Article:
In summary, using first-principle calculations, we choose functionalized Ti2C monolayer, the lightest material in MXene family, to assess the influence of intrinsic vacancies (carbon vacancy and titanium vacancy) on the Li-ion storage performance of MXene as a promising candidate for LIB electrodes. Our calculations reveal that the carbon vacancies tend to enhance the adsorption of Li in Ti2C monolayer, whereas the titanium vacancies play a similar role in Ti2CT2 when functional groups are present. The presence of vacancies further leads to a change in the diffusion behavior of lithium atoms. On the basis of our calculations of energy barriers for Li on Ti2C and Ti2CT2 monolayers, we propose an idea for mitigating the adverse effects on Li diffusion performance by regulating the surface functional groups. In the presence of VC, the surface of Ti2C monolayer is suggested of being modified with OH– functional groups due to its relatively low diffusion barrier in the range of 0.025–0.037 eV when Li diffuses around VC, whereas in the presence of VTi, the surface of Ti2C monolayer is suggested of removing the functional groups, resulting in a decrease of energy barrier of about 1 eV when Li atom diffuses around VTi. Our study may provide a guideline to improve the rate performance of Ti2C monolayers as electrode materials in LIBs, with the atomic vacancies being taken into account.

There's a long way from a computational paper to an industrially viable approach, but I thought this paper of interest because it offers some hope for solving very difficult issues in such a way as to not spit on all future generations.

It's nice to contemplate what is possible, perhaps not likely, but possible.

As I approach the end of my life, and learn more and more about what is going on, and feeling the pain of what we have done, these things seem very important in assuaging my guilt over living in the times I have lived and the role I played as a participant, albeit a very minor participant, but a participant all the same.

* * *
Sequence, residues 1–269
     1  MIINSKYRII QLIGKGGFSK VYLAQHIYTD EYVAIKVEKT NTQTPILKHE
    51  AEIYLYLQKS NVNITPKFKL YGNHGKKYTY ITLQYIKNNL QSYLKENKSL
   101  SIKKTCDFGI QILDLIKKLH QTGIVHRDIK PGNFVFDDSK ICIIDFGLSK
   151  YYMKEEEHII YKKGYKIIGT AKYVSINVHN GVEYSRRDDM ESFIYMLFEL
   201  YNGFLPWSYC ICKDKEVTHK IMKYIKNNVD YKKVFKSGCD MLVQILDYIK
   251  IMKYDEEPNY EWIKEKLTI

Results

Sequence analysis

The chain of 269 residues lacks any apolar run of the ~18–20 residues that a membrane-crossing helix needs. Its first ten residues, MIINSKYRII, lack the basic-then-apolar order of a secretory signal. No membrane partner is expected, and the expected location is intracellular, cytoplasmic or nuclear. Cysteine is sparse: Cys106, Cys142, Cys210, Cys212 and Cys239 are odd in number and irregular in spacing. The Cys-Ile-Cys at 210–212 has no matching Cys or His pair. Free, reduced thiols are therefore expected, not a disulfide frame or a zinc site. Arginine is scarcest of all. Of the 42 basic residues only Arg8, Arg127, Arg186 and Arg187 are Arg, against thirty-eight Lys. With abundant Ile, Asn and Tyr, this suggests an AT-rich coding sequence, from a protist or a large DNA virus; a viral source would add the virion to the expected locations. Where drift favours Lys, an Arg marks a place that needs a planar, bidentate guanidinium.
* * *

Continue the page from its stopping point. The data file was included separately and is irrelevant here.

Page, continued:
Have a pleasant evening.

Average Lifetime of Danish Wind Turbines, as of February 2018.

Last night, May 4, 2018, in a riff about the Dominion Energy people's plan to go "renewable" by building 8 new gas plants - the waste from which will be dumped directly into the atmosphere without restriction - I accessed the most updated version of Danish Energy Agency's Excel Spreadsheet constituting the "Master Data Register of Wind Turbines".

To directly download the Excel File Yourself Click:
"Master Data Register of Wind Turbines" and then open the file.

Some years back, on another website, in a piece dedicated to showing that the the term "Renewable Energy" as used in current parlance is an oxymoron, I wrote thusly:

The Danes – and we will see that despite all the hoopla that has surrounded their wind program their actual energy production from wind energy is very small, even compared to wind capacity in other countries like the United States, Germany and China – keep an exhaustive and very detailed database of every single wind turbine they built in the period between the 1978 and the present day.[29] If one downloads the Excel file available in the link for reference 29 one can show that the Danes, as of the end of March 2015, have built and operated 8,002 wind turbines of all sizes. Of these, 2727, or 34.1% of them have been decommissioned. Of those that were decommissioned, the mean lifetime was 16.94 years (16 years and 310 days). Twenty-one of the decommissioned wind turbines operated less than two years, two never operated at all, and 103 operated for less than 10 years. Among decommissioned turbines, the one that lasted the longest did so for 34 years and 210 days. Among all 2727 decommissioned wind turbines, 6 lasted more than 30 years.

Of course, over the years when referencing this data I've heard a lot of the kind of wishful thinking that characterizes this front for the gas industry stating that of course wind turbines will become more reliable in the future.

Almost three years have passed since I wrote that piece. Having accessed the database again, I thought to update the "survival time" of the decommissioned wind turbines, which as of last night had reacted 3,232, with 505 more having failed since then, a rate of about 168 per year.

I decided to play with the Excel functions to update the data.

I'm amused to report that the average lifetime of failed wind turbines has in fact, increased. It is now 17 years and 240 days. The longest lived turbine made it to 35 years and 240 days, a 22 kw unit commissioned on January 9 1981 and decommissioned on September 6, 2016.